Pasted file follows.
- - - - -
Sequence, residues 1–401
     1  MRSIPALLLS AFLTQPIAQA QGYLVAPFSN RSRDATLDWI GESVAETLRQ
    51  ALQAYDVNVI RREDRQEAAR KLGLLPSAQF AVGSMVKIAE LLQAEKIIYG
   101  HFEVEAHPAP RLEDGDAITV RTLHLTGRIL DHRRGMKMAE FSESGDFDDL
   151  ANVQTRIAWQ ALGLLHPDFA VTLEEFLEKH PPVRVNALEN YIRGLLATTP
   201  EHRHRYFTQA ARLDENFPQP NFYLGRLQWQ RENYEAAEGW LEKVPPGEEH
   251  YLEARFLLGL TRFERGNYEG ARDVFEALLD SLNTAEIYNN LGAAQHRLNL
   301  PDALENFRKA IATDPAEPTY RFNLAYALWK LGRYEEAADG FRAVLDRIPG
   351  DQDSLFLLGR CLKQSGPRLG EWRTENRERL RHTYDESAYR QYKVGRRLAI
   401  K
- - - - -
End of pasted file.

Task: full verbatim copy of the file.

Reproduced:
Sequence, residues 1–401
     1  MRSIPALLLS AFLTQPIAQA QGYLVAPFSN RSRDATLDWI GESVAETLRQ
    51  ALQAYDVNVI RREDRQEAAR KLGLLPSAQF AVGSMVKIAE LLQAEKIIYG
   101  HFEVEAHPAP RLEDGDAITV RTLHLTGRIL DHRRGMKMAE FSESGDFDDL
   151  ANVQTRIAWQ ALGLLHPDFA VTLEEFLEKH PPVRVNALEN YIRGLLATTP
   201  EHRHRYFTQA ARLDENFPQP NFYLGRLQWQ RENYEAAEGW LEKVPPGEEH
   251  YLEARFLLGL TRFERGNYEG ARDVFEALLD SLNTAEIYNN LGAAQHRLNL
   301  PDALENFRKA IATDPAEPTY RFNLAYALWK LGRYEEAADG FRAVLDRIPG
   351  DQDSLFLLGR CLKQSGPRLG EWRTENRERL RHTYDESAYR QYKVGRRLAI
   401  K